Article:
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Coravin’s Guide to Mastering the Art of Food and Wine Pairings

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Wine and food are two sides of the same coin; they’re best enjoyed together — the perfect match. You’ve undoubtedly seen wine and food pairing menus in fine restaurants, and sommeliers love talking about their favorite wine pairing. Interestingly, wine and food pairings are not exclusive to fine dining, food and wine pairings are easy to create at home if you know what you’re doing.

Let’s discuss the best food and wine pairings, and why they work. Then, let’s talk about how you can enhance your dinner parties by pairing food and wine. We hope you’re hungry because this will be one tasty wine and food pairings lesson!

Pair Local Wine with Local Food

Our first wine and food pairings strategy is indisputable. Nonetheless, not everyone thinks about the provenance of their wine and food when pairing them.

Local food evolved along with wine to be compatible. This is particularly true for old-world wine regions, where wine has been common for thousands of years. Greek food is lovely with Greek wine (try a glass of Assyrtiko with Greek salad!), and Italian tomato-based sauces shine when paired with tangy red wines like Chianti.

You’ll find this type of affinity in the new world too. Argentina is known for its grilled meat extravaganzas — it’s no surprise Malbec goes great with grilled meat. Oregon Pinot Noir is lovely with Dungeness crab and trout. Do you see where we’re going with this?

Pair wine and food from the same country or region.

Pair by Weight

You don’t need a scale for this one. When we talk about weight in wine and food, we mean perceived weight. A fish fillet cooked on a pan is lighter than the same fillet when Parmesan-crusted and baked.

Wine also has a perceived weight. A tangy Sauvignon Blanc is lighter than an oak-aged Chardonnay. A round and chewy Merlot is lighter than a structured Nebbiolo.

Consider pairing the wine and food by weight when choosing your wine pairings. Light food will pair best with lighter wine styles while heartier meals require beefy red wines.

Complementary Pairings

Also known as congruent pairings, complementary pairings play with elements (scents and flavors) in both the wine and the food to make a match. Think of a peppery steak paired with Syrah with black pepper scents. Or how about pork ribs in plum sauce with a rich Merlot with plummy notes? A buttery Chardonnay always works well when served with butter-seared seafood.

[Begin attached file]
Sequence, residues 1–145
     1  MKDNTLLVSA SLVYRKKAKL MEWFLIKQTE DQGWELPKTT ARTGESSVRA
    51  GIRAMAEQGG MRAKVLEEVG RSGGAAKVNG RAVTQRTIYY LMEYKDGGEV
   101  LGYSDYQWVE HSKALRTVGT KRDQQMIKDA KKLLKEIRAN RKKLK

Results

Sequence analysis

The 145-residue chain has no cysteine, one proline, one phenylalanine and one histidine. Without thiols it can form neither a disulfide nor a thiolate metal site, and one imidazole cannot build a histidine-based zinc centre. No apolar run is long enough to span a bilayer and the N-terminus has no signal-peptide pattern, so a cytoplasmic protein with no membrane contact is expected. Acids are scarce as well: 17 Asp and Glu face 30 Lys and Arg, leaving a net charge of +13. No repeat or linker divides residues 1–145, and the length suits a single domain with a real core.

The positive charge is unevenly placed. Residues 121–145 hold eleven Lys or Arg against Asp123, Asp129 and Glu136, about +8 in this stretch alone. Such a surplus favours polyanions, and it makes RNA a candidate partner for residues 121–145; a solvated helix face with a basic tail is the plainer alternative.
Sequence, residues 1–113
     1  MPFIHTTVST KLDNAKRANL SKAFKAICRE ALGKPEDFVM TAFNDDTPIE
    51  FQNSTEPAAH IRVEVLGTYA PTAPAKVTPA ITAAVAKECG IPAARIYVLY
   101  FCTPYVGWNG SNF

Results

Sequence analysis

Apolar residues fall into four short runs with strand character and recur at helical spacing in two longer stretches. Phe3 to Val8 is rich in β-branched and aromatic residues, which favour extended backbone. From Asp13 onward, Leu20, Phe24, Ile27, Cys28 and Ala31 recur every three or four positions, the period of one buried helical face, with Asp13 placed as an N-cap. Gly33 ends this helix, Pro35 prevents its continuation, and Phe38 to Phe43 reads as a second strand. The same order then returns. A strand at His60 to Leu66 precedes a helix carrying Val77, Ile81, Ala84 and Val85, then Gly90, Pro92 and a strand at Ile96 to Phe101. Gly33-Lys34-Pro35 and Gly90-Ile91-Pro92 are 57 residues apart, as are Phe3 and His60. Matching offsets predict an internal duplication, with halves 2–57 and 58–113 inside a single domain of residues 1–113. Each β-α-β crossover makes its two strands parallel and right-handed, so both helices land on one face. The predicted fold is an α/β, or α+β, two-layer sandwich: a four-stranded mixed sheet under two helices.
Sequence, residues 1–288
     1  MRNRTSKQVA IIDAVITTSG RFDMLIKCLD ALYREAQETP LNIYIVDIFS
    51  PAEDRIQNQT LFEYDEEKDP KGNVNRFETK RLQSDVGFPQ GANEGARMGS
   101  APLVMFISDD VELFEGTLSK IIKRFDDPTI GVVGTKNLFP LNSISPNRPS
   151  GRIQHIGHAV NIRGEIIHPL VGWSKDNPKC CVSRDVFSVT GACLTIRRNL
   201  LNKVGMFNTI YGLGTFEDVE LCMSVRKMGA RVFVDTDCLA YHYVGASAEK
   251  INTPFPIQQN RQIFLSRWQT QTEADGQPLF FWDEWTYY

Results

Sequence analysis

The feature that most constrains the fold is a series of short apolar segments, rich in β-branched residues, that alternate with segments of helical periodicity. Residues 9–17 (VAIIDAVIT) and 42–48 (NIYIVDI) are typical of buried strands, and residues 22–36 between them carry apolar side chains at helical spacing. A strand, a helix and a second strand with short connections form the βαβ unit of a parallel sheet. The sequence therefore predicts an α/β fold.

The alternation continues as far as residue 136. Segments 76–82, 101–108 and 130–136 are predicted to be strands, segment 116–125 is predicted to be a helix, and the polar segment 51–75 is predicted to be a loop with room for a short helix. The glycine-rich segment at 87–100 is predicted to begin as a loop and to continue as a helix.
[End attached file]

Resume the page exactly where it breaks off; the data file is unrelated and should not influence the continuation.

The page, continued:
When possible, tweak the recipes to make the food compatible with certain wines.

Contrasting Pairings

Contrasting pairings work at the most basic level. We contrast flavors in the wine and food to make them compatible.

The secret behind most contrasting pairings is acidity, and wine has plenty of it. Acidity cuts through fat, so tart wines always pair well with fatty food. You can also contrast sweetness in the food with acidity. And talking about sweetness, sweet wine will always contrast nicely with spicy food made with hot peppers. Tacos anyone?

Tip: Pair tart wines with fatty or sweet food. Pair sweet wine with spicy food.

Consider the Occasion

Great pairings can disappoint if you don’t consider the setting. Some pairings only work if the occasion is right. The famous pairing of Champagne and wedding cake is a good example — the pairing works even if cake and Champagne are not compatible at all! Of course, if you’re dealing with chocolate cake, you might want to read our chocolate and wine pairing guide.

A fancy Napa Cabernet is delicious with grilled red meat; we can all agree on that. However, if you’re having a backyard grilling party, you should serve something more casual, like a mid-priced Red Zinfandel, especially if you pour the wine into red plastic cups. Summer wines exist for a reason!

There’s a time and place for all wine pairings.

Pair Wine with Your Guests in Mind

Although there’s no doubt some wines taste better when paired with certain foods, even the right combinations can be a flop if you don’t read the crowd.

Pairing a well-aged Bordeaux with hints of tobacco leaf and earthy undertones with a juicy, premium ribeye is undoubtedly a good idea. However, if your guests are not experienced wine drinkers, they might find the Bordelaise wine too harsh. In that case, a new world Cabernet with a fruitier palate would be a better choice.

A barnyardy Rhone blend with leathery notes and hints of manure might pair wonderfully with a rack of lamb. However, if your guests have never experienced that old-world charm, you should serve something else, how about a gentler Australian Shiraz?